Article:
By David Jenkins, Vice President-Government Affairs
A senior representative of the League of Conservation Voters (LCV) was just quoted in the press as saying:
“The president (Obama) has been the greenest president we’ve ever had.”
Seriously? That is quite a claim, especially considering that President Obama has been roundly criticized for not doing enough to protect the environment.
Is he greener than Theodore Roosevelt or Richard Nixon? Let’s look at the record.
• In 2009, Obama failed to lead on efforts to pass climate change legislation, choosing instead to largely stand on the sidelines while partisans from both parties further polarized the issue.
• Obama has rushed ahead with offshore oil drilling in the sensitive, remote, and hazardous waters of the Arctic Ocean and ignored the more cautious approach recommended by the bipartisan oil-spill commission he established.
• Obama allowed the gray wolf to be delisted and stripped of Endangered Species Act protections in Idaho, Montana and Wyoming, turning management over to states that overtly plan to significantly reduce the wolf population below restored levels.
In each of these cases, it appears that Obama allowed politics to trump responsible stewardship.
While Obama deserves credit for breaking the political stalemate on automobile fuel efficiency standards, that hardly stacks up to the numerous landmark accomplishments of Roosevelt and Nixon.Theodore Roosevelt created the National Wildlife Refuge System, and signed into law the Antiquities Act, which gives presidents the ability to protect our natural and historical heritage by establishing national monuments. Roosevelt placed some 230 million acres of land under federal protection for conservation purposes as national parks, forests, wildlife refuges, and monuments.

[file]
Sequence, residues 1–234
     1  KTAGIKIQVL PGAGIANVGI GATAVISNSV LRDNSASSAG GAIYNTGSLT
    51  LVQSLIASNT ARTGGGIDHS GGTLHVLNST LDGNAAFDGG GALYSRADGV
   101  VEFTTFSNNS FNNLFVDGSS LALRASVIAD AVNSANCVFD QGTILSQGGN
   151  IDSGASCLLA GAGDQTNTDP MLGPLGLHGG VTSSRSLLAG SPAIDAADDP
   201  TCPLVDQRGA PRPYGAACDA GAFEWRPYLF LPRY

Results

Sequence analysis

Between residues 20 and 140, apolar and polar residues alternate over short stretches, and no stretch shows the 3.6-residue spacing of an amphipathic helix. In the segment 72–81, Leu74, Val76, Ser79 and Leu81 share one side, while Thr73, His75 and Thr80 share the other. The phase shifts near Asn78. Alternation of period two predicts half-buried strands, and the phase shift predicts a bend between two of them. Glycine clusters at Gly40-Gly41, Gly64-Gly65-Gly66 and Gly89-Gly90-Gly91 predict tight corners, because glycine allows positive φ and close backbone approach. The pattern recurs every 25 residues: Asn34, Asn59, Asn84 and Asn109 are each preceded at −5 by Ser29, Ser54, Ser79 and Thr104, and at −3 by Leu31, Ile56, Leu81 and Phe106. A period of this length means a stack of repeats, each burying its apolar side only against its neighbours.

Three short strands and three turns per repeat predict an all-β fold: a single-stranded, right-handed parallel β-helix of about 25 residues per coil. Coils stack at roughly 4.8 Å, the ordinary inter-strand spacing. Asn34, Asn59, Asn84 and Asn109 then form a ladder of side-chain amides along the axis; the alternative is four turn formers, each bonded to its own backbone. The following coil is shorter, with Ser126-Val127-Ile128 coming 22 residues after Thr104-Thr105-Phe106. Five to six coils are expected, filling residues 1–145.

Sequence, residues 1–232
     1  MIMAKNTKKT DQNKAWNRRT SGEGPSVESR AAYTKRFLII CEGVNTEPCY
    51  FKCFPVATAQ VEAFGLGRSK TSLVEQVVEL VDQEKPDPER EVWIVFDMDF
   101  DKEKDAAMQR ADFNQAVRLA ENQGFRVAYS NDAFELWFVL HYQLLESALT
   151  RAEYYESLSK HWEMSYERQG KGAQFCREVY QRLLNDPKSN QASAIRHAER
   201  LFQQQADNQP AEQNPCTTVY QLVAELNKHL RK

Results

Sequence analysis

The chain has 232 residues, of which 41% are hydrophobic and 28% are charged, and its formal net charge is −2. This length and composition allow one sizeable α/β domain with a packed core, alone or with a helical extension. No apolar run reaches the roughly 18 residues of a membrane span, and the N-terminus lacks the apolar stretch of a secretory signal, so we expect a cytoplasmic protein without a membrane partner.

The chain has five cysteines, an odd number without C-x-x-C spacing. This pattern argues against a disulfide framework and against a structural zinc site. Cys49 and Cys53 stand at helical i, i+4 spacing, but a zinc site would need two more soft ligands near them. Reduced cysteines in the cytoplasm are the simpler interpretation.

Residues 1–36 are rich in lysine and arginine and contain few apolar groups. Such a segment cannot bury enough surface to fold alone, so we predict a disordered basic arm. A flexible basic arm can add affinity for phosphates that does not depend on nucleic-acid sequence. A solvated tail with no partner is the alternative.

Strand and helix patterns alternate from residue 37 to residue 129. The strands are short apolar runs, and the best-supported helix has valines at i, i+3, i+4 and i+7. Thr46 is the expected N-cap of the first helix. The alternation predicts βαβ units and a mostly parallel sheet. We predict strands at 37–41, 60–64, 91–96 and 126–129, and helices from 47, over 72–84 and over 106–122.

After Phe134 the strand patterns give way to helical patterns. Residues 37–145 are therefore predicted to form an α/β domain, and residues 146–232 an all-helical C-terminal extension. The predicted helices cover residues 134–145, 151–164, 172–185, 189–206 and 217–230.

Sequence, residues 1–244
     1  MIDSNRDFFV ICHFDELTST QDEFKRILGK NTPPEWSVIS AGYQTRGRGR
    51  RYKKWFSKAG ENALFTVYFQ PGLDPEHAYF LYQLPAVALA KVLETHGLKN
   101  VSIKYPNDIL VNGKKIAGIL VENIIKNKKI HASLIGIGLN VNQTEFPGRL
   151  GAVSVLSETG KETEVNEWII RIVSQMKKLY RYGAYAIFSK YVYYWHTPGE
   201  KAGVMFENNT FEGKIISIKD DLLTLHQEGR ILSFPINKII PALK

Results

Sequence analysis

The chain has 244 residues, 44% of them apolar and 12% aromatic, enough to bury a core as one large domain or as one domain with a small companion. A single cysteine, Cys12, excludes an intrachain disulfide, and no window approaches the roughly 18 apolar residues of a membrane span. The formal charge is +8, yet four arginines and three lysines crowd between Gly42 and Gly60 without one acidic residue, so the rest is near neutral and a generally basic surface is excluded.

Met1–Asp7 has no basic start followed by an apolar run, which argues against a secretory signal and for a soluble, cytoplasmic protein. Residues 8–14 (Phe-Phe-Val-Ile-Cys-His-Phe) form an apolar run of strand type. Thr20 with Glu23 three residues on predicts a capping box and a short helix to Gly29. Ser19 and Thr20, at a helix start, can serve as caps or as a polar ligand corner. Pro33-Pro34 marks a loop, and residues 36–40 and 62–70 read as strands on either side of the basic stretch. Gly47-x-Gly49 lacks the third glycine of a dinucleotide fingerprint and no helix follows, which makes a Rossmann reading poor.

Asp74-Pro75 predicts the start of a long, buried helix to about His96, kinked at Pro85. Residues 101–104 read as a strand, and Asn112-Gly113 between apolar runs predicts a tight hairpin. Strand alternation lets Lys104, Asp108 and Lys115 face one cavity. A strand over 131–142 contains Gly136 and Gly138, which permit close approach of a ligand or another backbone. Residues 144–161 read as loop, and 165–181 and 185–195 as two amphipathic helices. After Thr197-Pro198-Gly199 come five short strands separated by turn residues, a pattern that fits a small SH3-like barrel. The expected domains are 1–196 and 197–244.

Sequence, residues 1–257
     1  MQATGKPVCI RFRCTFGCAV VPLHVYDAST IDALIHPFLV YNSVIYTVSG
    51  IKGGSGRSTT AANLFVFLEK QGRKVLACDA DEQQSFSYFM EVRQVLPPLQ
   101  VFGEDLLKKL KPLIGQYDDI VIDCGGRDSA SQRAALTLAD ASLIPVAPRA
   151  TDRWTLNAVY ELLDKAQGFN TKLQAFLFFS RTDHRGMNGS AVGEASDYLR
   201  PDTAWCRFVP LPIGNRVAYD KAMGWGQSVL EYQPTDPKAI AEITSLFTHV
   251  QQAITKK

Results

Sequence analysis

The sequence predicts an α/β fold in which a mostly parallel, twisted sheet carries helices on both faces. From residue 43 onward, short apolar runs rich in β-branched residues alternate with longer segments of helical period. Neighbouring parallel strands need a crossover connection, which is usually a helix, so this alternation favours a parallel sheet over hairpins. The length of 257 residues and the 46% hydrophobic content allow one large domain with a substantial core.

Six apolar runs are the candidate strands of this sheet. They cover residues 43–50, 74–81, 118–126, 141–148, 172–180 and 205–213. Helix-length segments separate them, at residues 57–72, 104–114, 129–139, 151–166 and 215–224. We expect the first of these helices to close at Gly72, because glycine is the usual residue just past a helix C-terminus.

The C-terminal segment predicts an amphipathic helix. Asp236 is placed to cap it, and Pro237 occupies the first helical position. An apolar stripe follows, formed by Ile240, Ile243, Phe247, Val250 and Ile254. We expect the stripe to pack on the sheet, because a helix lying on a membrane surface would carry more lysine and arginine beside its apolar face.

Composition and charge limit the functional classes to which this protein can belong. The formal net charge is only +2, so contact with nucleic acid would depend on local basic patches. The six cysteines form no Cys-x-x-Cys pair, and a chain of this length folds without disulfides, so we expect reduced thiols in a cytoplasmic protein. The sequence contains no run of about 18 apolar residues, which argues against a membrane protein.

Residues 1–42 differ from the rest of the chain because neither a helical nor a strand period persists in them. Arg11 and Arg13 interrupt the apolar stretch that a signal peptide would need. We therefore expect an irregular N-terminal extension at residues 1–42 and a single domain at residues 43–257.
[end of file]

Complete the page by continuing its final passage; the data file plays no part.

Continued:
TR did more. He educated Americans that stewardship is essential for ensuring America’s enduring strength and prosperity. Yes, Obama signed legislation early in his term expanding protections for wilderness, rivers, trails, and heritage areas. No one could seriously argue, however, that Obama could match TR in making conservation a lasting national priority. TR’s leadership was his greatest legacy.
Nor can Obama’s record match Richard Nixon’s in expanding the frontiers of stewardship. Although Obama has turned to the Environmental Protection Agency’s regulatory authority to get around a gridlocked Congress, it was President Nixon who created the EPA. Nixon also signed into law the Clean Air Act, the Endangered Species Act, the Safe Drinking Water Act, and the National Environmental Policy Act. His leadership was critical for building national support for environmental protection, what he called a “cause beyond party and beyond factions.”.
While it may be hard to blame President Obama for the lack of good environmental legislation since 2010, the same cannot be said for his first two years when his own party controlled both houses of Congress.
Reagan, when faced with mounting scientific concern about the big climate concern of the 1980s, ozone depletion, he overruled naysayers within his own administration and pushed through an international treaty to address the problem. The Montreal Protocol, which began phasing out ozone-depleting chemicals used in refrigeration and many other industrial applications, is widely heralded as the most successful environmental treaty of all time.
In fact, the Montreal Protocol has prevented the equivalent of 135 billion metric tons of carbon dioxide since 1990. While the protocol was not intended to address climate change, which was not as well understood in the 1980s as it is today, it has achieved 10 times more greenhouse gas reductions than the 1997 Kyoto Protocol that Al Gore helped negotiate.
Claiming that President Obama is the greenest president ever not only reveals a shocking ignorance of this nation’s history, it belittles the hard work and bold leadership that gave America the environmental quality we all enjoy.
Unless of course, LCV was simply saying that Obama was green with envy.